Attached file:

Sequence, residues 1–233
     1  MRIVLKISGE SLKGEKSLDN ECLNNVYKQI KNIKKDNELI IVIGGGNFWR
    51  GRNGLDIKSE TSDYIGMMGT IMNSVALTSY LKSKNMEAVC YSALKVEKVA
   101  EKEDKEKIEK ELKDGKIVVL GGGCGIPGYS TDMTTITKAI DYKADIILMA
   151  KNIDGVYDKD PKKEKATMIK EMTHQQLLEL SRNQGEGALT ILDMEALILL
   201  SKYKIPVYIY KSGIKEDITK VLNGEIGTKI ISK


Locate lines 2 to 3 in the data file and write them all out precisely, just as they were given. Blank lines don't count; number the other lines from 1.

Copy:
     1  MRIVLKISGE SLKGEKSLDN ECLNNVYKQI KNIKKDNELI IVIGGGNFWR
    51  GRNGLDIKSE TSDYIGMMGT IMNSVALTSY LKSKNMEAVC YSALKVEKVA